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Free Radic Biol Med. 2015 Jul;84:185-195. doi: 10.1016/j.freeradbiomed.2015.02.031. Epub 2015 Mar 9.

Lipopolysaccharide induces inducible nitric oxide synthase-dependent podocyte dysfunction via a hypoxia-inducible factor 1α and cell division control protein 42 and Ras-related C3 botulinum toxin substrate 1 pathway.

Author information

1
Division of Rheumatology and Immunology, Department of Medicine, Medical University of South Carolina, Charleston, SC 29425, USA.
2
Division of Rheumatology and Immunology, Department of Medicine, Medical University of South Carolina, Charleston, SC 29425, USA; Rheumatology Section, Medical Service, Ralph H. Johnson VA Medical Center, Charleston, SC 29401, USA. Electronic address: oatesjc@musc.edu.

Abstract

Urine protein loss in immune complex-mediated diseases such as lupus nephritis is associated with podocyte foot process effacement (podocytopathy) but is not always dependent on glomerular immune complex deposition. Several murine and human studies have associated lupus nephritis with inducible nitric oxide synthase (iNOS) expression in what appear to be podocytes. This study was conducted to determine mechanisms of immune-complex-independent and iNOS-dependent podocyte dysfunction. Conditionally immortalized podocytes were cultured with lipopolysaccharide (LPS) and nitric oxide (NO), superoxide (SO), or peroxynitrite donors in the presence or absence of inhibitors of iNOS, reduced nicotinamide adenine dinucleotide phosphate (NADPH) oxidase or monocyte chemotactic protein 1 (MCP-1), or with sepiapterin to increase coupling of iNOS homodimers. Podocyte NO, SO, and MCP-1 production and nitrotyrosine modifications were determined. The podocytopathy phenotype was determined by measuring cell motility and membrane permeability to albumin. This study determined that NO produced by iNOS is sufficient and necessary to induce podocytopathy. NO probably induces this phenotype via hypoxia-inducible factor 1α and cell division control protein 42 and Ras-related C3 botulinum toxin substrate 1 pathways. With LPS stimulation, neither SO nor peroxynitrite produced by uncoupled iNOS or NADPH oxidase nor MCP-1 was sufficient to induce the full phenotype. This study supports the notion that iNOS may induce autocrine podocyte dysfunction. Thus, targeting iNOS or the pathways of its induction may have therapeutic benefit.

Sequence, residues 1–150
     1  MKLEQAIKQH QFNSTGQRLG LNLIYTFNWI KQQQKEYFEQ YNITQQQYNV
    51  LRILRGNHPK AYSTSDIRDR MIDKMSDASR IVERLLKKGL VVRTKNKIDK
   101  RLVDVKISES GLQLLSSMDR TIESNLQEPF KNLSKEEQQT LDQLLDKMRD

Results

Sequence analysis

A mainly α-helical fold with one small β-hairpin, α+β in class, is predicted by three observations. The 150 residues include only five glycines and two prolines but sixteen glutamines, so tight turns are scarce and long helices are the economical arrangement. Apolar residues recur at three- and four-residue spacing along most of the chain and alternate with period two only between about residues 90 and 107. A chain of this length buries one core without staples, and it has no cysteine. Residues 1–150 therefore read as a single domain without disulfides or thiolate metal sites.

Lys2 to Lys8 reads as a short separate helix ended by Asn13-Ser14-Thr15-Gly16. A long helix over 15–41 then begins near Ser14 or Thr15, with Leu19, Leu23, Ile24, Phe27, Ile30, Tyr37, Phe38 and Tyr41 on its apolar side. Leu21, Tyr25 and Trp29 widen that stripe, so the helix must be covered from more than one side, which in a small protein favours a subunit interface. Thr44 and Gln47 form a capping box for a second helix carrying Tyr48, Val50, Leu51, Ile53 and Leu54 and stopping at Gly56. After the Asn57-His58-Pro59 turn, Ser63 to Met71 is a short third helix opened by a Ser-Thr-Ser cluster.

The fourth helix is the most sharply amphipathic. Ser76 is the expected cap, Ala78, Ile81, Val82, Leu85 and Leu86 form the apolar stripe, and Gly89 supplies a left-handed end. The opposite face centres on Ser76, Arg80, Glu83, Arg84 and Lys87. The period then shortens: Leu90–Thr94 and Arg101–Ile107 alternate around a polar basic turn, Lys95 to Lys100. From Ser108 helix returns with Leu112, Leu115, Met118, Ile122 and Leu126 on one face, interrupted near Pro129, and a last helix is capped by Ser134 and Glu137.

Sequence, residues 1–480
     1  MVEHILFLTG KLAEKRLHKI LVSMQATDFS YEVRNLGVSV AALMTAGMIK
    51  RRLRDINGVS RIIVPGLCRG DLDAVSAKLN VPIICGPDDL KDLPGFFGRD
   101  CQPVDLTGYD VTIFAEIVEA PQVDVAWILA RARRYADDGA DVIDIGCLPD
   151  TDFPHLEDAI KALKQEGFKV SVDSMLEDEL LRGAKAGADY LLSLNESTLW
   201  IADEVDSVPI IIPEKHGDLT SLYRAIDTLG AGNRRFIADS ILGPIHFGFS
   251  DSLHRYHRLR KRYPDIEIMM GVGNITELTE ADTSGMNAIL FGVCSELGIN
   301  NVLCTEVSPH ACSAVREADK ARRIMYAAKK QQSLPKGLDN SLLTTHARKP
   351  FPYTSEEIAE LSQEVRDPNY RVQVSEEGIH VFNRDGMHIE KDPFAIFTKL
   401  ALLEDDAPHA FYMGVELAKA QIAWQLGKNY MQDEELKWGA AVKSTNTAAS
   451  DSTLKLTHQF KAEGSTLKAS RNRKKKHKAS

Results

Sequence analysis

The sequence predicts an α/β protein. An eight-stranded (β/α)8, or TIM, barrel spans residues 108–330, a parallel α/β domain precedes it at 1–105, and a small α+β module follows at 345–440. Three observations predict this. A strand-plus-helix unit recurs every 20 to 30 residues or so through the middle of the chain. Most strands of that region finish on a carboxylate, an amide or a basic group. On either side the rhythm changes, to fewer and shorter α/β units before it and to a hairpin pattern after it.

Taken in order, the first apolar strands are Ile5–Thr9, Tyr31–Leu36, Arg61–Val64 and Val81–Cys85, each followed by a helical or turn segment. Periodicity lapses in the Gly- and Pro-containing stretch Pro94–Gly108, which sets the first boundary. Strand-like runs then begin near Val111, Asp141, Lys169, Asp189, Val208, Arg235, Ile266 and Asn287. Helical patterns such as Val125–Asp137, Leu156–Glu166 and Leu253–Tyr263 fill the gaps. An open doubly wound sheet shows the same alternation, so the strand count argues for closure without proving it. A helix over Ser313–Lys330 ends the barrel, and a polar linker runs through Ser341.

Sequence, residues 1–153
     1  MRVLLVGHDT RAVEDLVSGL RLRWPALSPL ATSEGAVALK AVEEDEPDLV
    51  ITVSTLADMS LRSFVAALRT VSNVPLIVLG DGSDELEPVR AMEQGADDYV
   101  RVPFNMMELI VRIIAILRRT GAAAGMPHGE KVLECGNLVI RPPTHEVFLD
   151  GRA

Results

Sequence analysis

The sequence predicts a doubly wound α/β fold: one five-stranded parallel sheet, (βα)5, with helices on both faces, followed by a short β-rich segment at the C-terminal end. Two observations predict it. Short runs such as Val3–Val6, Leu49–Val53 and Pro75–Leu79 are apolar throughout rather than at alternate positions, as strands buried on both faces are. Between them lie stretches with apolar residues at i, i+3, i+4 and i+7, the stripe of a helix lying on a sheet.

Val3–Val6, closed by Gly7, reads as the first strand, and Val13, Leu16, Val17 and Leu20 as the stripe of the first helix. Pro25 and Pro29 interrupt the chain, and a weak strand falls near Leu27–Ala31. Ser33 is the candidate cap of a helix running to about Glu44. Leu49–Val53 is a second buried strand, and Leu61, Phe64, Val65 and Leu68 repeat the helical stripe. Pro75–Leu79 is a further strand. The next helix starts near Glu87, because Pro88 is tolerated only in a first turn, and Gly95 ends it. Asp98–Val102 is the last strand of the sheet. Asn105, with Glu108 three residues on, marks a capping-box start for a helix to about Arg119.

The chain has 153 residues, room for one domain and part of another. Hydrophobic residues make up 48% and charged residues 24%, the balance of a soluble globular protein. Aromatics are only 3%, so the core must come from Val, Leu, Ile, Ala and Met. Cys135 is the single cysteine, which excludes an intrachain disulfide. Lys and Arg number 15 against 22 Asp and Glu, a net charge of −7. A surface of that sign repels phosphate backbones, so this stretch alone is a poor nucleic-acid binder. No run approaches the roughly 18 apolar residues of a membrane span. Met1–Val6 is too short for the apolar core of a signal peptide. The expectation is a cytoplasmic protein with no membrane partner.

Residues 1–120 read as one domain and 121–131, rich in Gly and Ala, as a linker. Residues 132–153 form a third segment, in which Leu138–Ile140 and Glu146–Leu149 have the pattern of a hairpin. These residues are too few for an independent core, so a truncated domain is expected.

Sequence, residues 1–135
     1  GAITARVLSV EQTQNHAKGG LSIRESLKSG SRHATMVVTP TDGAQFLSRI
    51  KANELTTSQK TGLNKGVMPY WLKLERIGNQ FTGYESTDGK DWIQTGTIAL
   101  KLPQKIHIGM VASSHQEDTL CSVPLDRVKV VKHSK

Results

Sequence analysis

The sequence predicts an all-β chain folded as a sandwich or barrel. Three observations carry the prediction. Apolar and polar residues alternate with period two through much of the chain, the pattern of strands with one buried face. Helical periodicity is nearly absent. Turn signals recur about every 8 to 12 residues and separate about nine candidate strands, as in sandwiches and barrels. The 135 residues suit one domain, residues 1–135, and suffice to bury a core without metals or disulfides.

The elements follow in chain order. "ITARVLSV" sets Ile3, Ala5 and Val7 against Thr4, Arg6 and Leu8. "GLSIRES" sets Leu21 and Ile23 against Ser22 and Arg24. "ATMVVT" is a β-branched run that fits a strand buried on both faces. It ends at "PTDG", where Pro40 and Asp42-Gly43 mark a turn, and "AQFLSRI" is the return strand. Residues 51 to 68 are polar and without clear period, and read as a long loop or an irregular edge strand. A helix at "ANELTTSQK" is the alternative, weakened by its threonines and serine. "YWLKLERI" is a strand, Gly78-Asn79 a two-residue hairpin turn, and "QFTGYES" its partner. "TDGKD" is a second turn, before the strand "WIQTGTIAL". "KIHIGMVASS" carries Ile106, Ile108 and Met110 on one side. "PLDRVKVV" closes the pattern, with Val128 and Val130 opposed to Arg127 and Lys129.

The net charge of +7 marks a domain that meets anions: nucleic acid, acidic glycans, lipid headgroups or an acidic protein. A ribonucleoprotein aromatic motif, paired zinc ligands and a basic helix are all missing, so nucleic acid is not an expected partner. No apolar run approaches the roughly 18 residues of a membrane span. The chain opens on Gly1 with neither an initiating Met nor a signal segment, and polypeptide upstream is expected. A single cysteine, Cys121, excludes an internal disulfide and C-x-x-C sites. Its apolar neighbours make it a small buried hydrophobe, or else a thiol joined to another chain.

KEYWORDS:

Cell division control protein 42; Free radicals; Hypoxia-inducible factor 1α; Inducible nitric oxide synthase; Lipopolysaccharide; Lupus nephritis; Nitric oxide; Peroxynitrite; Podocyte; Ras-related C3 botulinum toxin substrate 1; Superoxide; Toll-like receptor 4

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